Jeff Gordon began as a Coca-Cola guy, but he was never really a Coca-Cola guy. The NASCAR Hall of Famer switched teams, striking up a sponsorship with Coke’s rival Pepsi in 1996. The big move all began innocently enough at a cookout.
Jeff Gordon quickly became the face of NASCAR
Jeff Gordon can be considered a NASCAR pioneer. He has been labeled as the guy who got the younger generation into the sport. Gordon was a young driver who had immediate success and was given high praise by NASCAR legend Richard Petty. Petty is the most accomplished racer in history with 200 victories.
“Most of the guys went through the process of doing the NASCAR Sportsman and they were always 25, 26 years old before they got a first-class ride,” Petty said in an interview with Graham Bensinger. “(Gordon) came in and got a first-class ride at 20 years old, 21 years old. So he starts a new trend of younger people coming into the sport. In doing that, the face of NASCAR, he changed it from one face to another. He’s been a really big asset to be able to be as personable, to be on late-night TV or early-morning TV, and still be a heck of a racecar driver.”
From his rookie year in 1993 until his retirement in 2015, Gordon was the face of NASCAR. Jimmie Johnson, a seven-time Cup Series champ, said Gordon opened the doors to many successful drivers. “IndyCar was always on my radar growing up on the West Coast but then here’s this guy with a really bad mustache making his way in stock car racing,” Johnson said, according to USA Today. The doors that he opened for drivers that did not grow up in the South, that grew up racing in the dirt, he really changed that whole outlook for owners. A lot of opportunities came through those doors that he opened.”
Gordon is one of NASCAR’s all-time greats
Not only was Jeff Gordon a pioneer, but he was also one heck of a driver. Gordon is a four-time Cup Series champion, winning in 1995, 1997, 1998, and 2001. When he won his first championship in 1995, Gordon became the youngest ever to do so. He was 24.
Gordon is also a three-time winner of the Daytona 500. He accomplished the feat in 1997, 1999, and 2005. He also won three career Grand Slams and is third on the all-time list of Cup Series wins with 93. Gordon set a record for winning at least one pole in 23 straight years. Gordon was also a very durable – and lucky – driver, running 797 consecutive races.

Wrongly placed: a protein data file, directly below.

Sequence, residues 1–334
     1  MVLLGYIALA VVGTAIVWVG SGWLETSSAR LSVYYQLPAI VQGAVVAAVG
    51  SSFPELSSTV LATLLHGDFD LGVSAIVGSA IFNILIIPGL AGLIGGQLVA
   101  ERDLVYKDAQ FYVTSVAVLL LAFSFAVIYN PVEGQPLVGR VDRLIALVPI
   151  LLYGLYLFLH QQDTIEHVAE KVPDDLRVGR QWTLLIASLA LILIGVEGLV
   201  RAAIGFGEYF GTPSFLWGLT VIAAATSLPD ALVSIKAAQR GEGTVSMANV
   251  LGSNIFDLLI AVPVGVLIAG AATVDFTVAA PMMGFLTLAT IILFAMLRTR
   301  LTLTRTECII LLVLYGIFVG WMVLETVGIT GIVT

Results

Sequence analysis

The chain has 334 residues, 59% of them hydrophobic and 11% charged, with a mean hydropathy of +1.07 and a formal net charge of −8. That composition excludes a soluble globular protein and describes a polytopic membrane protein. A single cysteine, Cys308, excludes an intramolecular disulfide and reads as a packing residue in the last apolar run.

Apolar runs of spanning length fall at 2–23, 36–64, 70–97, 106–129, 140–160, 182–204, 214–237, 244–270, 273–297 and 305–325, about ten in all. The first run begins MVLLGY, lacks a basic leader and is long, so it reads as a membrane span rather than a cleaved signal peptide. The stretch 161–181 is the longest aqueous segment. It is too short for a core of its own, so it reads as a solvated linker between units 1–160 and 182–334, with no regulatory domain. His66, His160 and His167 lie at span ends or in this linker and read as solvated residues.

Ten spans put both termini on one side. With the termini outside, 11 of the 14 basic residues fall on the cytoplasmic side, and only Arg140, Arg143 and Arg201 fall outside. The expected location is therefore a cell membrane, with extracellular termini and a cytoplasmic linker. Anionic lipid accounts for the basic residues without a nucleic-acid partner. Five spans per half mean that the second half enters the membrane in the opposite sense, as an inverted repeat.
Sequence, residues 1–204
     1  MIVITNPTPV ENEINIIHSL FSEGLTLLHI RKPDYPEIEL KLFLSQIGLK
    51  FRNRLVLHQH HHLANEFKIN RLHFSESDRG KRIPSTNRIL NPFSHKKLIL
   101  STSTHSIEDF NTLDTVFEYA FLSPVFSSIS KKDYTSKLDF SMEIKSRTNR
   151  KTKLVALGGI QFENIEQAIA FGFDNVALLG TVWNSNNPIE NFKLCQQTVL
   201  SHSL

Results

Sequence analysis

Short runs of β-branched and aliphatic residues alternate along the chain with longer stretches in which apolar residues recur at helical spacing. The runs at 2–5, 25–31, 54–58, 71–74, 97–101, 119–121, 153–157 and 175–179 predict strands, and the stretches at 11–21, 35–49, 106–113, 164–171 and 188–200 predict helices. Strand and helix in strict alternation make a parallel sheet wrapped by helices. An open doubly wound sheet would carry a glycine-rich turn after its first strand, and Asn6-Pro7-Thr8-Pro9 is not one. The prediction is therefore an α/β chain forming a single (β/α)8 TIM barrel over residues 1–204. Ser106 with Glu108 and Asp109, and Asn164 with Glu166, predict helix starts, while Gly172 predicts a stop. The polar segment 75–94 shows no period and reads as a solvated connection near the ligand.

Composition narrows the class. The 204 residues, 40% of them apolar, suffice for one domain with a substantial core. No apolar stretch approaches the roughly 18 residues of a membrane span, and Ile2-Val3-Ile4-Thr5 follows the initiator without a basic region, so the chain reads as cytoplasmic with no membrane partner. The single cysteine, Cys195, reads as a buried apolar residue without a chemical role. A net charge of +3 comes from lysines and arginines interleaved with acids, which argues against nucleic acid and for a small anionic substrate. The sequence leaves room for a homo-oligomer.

In 1998, Gordon was named one of NASCAR’s 50 Greatest Drivers. Gordon was inducted into the Motorsports Hall of Fame in 2018. The following year, Gordon earned his place in the NASCAR Hall of Fame.
Pepsi sponsorship started over cookout talk
When Jeff Gordon began his NASCAR career, Hendrick Motorsports had a sponsorship deal with Coca-Cola. According to USA Today, Jeff Faust, a Pepsi employee and friend of Gordon’s first wife Brooke, always joked about getting Gordon to switch teams and head to Pepsi. “We’d just be hanging out at a cookout and I’d say, ‘C’mon man, you’ve got to come to the A Team,'” Faust said. “He would always say to me, ‘You’ll be the first person I call if I ever make that decision.'”
In October of 1996, Gordon was prepping for a race and gave Faust a call. “I said, ‘Hey, if you want to connect me with Pepsi, let’s pursue it,'” Gordon told USA Today back in 2015. Faust called a Pepsi brand manager. “I don’t know if you’re going to know this guy, but I’ve got a friend who is a NASCAR driver and he really wants to talk to Pepsi,” Faust said. “His name is Jeff Gordon.”
Although NASCAR wasn’t nearly as popular then as it is now, Pepsi heard of Gordon and took action. “They believed in NASCAR and its fan base, and they were excited about it,” Gordon said. “And they really wanted to really get behind it and support it from a marketing standpoint, and that was something we were lacking. They said, ‘Hey, let’s do some big things here.'”